New Air Safety System Takes Flight

FAA brings Chicago, four other airports up to date, while they await new systems

'All in the Family" was the top show on television. President Nixon lifted the trade embargo on China. And mass murderer Charles Manson was found guilty. That's when the computer system guiding aircraft into one of the nation's busiest airport was first installed.

But by Christmas, the antiquated air traffic control computer system covering the Chicago area will be updated.

The Federal Aviation Administration plans to install $131 million worth of new equipment here. The upgrade comes months after several widely publicized breakdowns of the computer that helps shepherd jets through Chicago skies.

A $13 million computer replacement is the first of a $65 million phase-out of old computers at five major air traffic control centers. The replacement is an effort to bring the airport's computers somewhat up to date prior to a sweeping revamp of the air traffic control system beginning later this decade. It also represents a small but welcomed step forward for an agency that, even before the fatal mishaps involving ValuJet Flight 592 in May and TWA Flight 800 in July, faced hard scrutiny over its structure, method of financing, and overall mission.

While the TWA and ValuJet tragedies provoked concern about FAA safety procedures, the upgrade of flight control equipment highlights how the FAA's challenges extend from staffing down to the way it handles its most basic hardware. The FAA has long been criticized for the pace of its efforts to bring its air traffic control system into the 21st century.

Vital parts of the FAA are severely understaffed, with the number of air traffic control employees more than 20 percent below agency standards. Consequently, technicians spend too much time fixing, rather than preventing breakdowns, says Stephanie Voyda, spokeswoman for Professional Airways Systems Specialists in Washington.

"The FAA has done far too little to hire new people," says Ms. Voyda. In some control centers, she says, about 40 percent of the technicians are eligible to retire. And it takes from three to five years to train a new technician.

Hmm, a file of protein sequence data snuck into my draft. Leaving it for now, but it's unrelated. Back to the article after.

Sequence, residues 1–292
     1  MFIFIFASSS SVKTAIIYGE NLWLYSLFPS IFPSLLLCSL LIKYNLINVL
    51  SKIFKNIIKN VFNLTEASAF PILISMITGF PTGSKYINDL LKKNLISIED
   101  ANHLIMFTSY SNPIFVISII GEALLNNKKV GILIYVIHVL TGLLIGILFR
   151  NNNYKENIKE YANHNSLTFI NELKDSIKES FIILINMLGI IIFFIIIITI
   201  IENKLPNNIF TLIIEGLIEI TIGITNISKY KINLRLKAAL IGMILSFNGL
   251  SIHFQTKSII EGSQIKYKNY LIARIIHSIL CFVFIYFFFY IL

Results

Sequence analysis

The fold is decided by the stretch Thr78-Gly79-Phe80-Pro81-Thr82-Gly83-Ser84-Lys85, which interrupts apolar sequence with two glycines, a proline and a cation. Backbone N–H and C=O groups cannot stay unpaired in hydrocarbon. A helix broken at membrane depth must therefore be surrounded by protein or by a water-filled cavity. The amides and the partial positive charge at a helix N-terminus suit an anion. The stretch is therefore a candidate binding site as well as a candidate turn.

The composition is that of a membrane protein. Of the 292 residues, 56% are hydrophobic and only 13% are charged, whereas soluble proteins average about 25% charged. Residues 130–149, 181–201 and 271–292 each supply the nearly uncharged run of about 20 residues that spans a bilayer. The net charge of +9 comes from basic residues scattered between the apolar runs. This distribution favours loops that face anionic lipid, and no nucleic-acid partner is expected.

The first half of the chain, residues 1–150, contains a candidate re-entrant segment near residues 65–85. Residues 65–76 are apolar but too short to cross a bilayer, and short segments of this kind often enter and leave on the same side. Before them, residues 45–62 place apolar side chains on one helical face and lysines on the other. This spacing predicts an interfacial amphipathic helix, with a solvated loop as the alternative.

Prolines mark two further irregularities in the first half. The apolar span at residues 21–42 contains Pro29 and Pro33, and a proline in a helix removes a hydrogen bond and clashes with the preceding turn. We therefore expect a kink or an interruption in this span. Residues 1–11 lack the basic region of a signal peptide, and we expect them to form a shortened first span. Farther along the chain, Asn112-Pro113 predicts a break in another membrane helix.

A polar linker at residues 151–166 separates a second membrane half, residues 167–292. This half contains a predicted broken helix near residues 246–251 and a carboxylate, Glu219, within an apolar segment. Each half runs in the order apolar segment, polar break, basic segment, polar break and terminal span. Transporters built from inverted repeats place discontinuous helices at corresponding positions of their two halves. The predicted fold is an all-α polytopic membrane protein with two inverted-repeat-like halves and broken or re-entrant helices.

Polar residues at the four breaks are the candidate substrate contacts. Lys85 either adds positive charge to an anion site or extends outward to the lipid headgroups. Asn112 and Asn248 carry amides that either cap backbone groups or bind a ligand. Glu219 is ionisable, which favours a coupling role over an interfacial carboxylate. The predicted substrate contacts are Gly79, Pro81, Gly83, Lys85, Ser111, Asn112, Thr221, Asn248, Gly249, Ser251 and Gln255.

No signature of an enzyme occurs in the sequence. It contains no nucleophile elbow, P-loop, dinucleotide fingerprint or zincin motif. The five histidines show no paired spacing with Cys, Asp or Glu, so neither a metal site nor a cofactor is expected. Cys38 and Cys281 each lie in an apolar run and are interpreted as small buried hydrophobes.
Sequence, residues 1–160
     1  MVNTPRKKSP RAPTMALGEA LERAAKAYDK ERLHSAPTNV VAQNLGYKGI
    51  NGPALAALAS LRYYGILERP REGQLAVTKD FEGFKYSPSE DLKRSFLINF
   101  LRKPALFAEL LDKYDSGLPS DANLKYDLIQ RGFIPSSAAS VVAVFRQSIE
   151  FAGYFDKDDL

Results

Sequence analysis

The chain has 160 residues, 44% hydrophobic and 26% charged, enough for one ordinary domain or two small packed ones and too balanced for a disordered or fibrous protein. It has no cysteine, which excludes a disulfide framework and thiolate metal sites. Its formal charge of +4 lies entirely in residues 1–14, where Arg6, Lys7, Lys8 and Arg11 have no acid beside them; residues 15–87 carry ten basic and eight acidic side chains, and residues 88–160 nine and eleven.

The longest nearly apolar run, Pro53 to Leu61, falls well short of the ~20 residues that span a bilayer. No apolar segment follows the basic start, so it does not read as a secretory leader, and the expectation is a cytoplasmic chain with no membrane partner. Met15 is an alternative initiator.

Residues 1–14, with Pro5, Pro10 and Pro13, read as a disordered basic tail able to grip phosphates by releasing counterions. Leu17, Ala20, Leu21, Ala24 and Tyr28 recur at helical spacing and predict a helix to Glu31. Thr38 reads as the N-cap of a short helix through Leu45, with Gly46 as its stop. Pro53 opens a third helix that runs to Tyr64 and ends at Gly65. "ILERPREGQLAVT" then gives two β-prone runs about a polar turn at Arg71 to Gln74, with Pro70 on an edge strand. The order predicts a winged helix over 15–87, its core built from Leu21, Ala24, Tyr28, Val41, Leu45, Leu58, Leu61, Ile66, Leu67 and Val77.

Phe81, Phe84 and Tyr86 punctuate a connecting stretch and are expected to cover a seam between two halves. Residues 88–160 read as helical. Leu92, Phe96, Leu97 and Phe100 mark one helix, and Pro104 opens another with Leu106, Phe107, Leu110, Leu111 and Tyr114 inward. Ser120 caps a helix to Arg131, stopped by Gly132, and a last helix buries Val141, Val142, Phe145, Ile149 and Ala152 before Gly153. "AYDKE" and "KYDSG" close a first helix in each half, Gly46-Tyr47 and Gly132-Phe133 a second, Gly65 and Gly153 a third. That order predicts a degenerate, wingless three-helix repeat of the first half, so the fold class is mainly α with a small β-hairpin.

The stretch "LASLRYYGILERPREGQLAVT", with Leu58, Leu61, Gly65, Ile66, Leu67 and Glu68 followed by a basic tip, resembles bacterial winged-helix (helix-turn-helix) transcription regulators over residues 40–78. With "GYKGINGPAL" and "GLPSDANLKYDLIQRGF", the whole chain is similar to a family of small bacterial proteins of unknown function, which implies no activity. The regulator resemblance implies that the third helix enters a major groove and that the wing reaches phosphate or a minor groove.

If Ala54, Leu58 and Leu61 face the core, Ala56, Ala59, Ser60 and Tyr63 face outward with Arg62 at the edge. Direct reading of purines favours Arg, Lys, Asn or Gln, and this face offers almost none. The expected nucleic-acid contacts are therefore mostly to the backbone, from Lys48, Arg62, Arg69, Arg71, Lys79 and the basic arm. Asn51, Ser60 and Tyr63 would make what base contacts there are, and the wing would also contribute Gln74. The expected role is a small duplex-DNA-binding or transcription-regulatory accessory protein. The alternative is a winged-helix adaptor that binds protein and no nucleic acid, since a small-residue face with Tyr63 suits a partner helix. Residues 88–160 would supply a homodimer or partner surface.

The hardware problems have been more prolonged. Although the FAA recently made good in Chicago, for 15 years it promoted a high-tech streamlining of the nation's air traffic control system. In developing this plan, the agency spent more than $500 million. It scaled back the program in 1994 because of repeated cost overruns and unmet deadlines.

The agency last spring announced reforms in procurement and staffing procedures, but the fruits have yet to be widely seen. The Chicago area's main air traffic control computer in Aurora, Ill., is one of the agency's biggest white elephants. The 25-year-old IBM 9020E computer broke down seven times between May and November of last year. It annually handles some 2.9 million commercial flights across six Midwestern states.

Air traffic controllers praise the FAA for upgrading the equipment, but say the control systems at several major airports nationwide are woefully old and unreliable. The FAA also plans to replace computers at Cleveland, Dallas/Ft. Worth, New York, and Washington.

"It's not cheap, it's not easy, but the FAA can do the right thing if it wants to, and it has proven it in Chicago," says John Carr, a union representative in Chicago for the National Air Traffic Controllers Association.

Still, "coast-to-coast, the air traffic control system is in need of repair or replacement," Mr. Carr says.

The FAA says the current systems are safe, with a 99.4 percent rate of reliability. The National Transportation Safety Board called the systems "very safe" in a January report, but noted that equipment failures have caused very costly air traffic slowdowns. Airlines put annual losses from delays at some $5 billion.

The computer upgrade for Chicago and the four other troubled control centers will bring these control systems up to date. But it is a stopgap effort prior to a sweeping revamp of the air traffic control system beginning later this decade.

The FAA announced on Sept. 16 that Raytheon Company, of Lexington, Mass., won a $1 billion contract to replace antiquated air traffic control equipment with new computers, displays, and software at some 370 commercial and military airports. Known as the Standard Terminal Automation Replacement System, the new equipment should improve safety and cut down on delays. Boston is scheduled to receive the first STARS computer in 1998, with other airports receiving upgrades within the next 10 years.

But FAA critics say STARS and other modernization efforts are unlikely to go smoothly until the agency is restructured, clarifies its mission, and safeguards its budget from deep fiscal cutbacks. Until last January, the FAA was funded primarily by a 10 percent airline ticket tax that expired during the federal budget wrangle.

An FAA funding bill for 1997 - passed by Congress and awaiting President Clinton's signature - has not solved the prickly issue of how the agency will be financed long term.

There is wide agreement that user fees will provide a bigger portion of future agency funding. But airline industry players are far from agreeing over how the fees should be assessed among them.

FAA critics also find fault with what they consider the hazardous contradiction in the agency's "dual mission": promote air travel and ensure that jetliners are safe to fly. With this partly in mind, some observers favor transforming the FAA's air traffic control system, which eats up more than half of the FAA's budget, into a private or semigovernment entity, as in most developed countries.

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